Odisha: 45,000 Hindus pay tribute to Baby Jesus on Christmas day

December 28, 2016 by  
Filed under newsletter-india

Odisha, December 27, 2016: On Christmas day, some 45,000 Hindus paid tribute to the Child Jesus in Bhubaneshwar, capital of the State of Odisha (Orissa).

The event is historic, the more so since the Indian State was the scene in 2008 of the most vicious persecution of Christians ever perpetuated in India.

According to Fr Prasanna Pradhan, pastor at St Vincent Cathedral in the state capital, the people of Odisha “have a deep sense of respect and honour for Jesus, who dispels the darkness of discord and division and strengthens ties between people.”

The clergyman believes that as a result of the sectarian violence unleashed by Hindus in Odisha in the summer of 2008, which killed about 100 people and led to the destruction of 300 churches and places of worship, “Christianity is much better known among people of different faiths”.

Leena Dutta, a young woman from Patia, was among the thousands of devout Hindus who came to Bhubaneshwar’s pro-cathedral. “I studied in a school run by nuns,” she said. There “I met Jesus’ life. For this reason, I come to visit him every year during the holiday season.”

In Kandhamal district, the most affected by sectarian violence, Christmas celebrations were held under tight security. This was possible, Christians say, thanks to constant surveillance by police, which is deployed every year to prevent possible attacks.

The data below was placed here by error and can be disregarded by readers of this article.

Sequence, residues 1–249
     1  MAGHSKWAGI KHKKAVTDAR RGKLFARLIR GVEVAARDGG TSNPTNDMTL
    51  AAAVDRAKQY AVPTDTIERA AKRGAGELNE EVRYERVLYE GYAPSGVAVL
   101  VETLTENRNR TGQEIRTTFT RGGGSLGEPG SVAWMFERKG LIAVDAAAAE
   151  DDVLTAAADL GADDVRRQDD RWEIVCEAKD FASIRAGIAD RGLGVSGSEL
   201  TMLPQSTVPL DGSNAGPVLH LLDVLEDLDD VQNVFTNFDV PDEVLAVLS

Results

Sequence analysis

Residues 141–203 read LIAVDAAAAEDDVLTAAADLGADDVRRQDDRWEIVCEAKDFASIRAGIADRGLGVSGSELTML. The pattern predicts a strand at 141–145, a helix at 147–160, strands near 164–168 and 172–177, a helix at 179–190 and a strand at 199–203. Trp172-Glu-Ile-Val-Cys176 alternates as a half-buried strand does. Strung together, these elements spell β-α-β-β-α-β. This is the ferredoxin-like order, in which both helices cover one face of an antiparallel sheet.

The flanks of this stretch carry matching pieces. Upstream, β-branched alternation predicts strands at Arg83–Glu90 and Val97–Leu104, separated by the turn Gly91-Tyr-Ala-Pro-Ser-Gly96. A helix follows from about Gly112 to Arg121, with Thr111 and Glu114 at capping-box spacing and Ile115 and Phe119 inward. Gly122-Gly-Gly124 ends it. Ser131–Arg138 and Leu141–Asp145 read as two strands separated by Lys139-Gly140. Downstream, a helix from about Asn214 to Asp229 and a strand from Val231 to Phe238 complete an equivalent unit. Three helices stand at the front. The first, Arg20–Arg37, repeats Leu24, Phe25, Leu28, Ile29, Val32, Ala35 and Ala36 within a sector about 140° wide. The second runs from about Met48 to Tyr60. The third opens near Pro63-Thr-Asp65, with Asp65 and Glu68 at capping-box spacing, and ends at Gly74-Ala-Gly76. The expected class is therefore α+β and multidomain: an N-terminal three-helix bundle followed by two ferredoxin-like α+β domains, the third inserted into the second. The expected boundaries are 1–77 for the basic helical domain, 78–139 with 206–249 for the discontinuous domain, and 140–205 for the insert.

Even in 2007, when pogroms started, police were present, averting an attack by an angry mob of 2,500 Hindus, armed with sticks and knives, who wanted to avenge the death of a Hindu struck by the collapse of a cross.

Mgr John Barwa, archbishop of Cuttack-Bhubaneshwar, thanked the state government for providing “protection to Christians, especially those persecuted in Kandhamal”.

“Christmas,” he added, “speaks about Christ. It speaks of how he deprived himself to save sinners. Christmas is about how the Son of God became man and how he lived on earth. Christmas speaks of what Jesus accomplished on the cross and how he conquered death. Christmas tells us how a sinner can meet with God.”

In the capital, 25 December was also a day dedicated to the care of the poor and needy. The Missionaries of Charity, an institute founded by Mother Teresa of Calcutta, handed out a hot meal to hundreds of destitute.

“At the time of Jesus’s birth, no door was open and no one accepted him,” said Regional Superior Sister Olivet. “When we give food to the poor we remember the phrase ‘serve man is to serve God’.”

Tata Steel manager Abhisek Das, who visits the Sisters’ house every three months, offered the meal.

“When I see that my humble gesture brings a smile to the faces of orphans and poor, I feel immensely happy,” he said. “Every religion teaches us to do good. Charitable work makes us grow in love and unity; this way, we become agents of peace and harmony.”

– asianews

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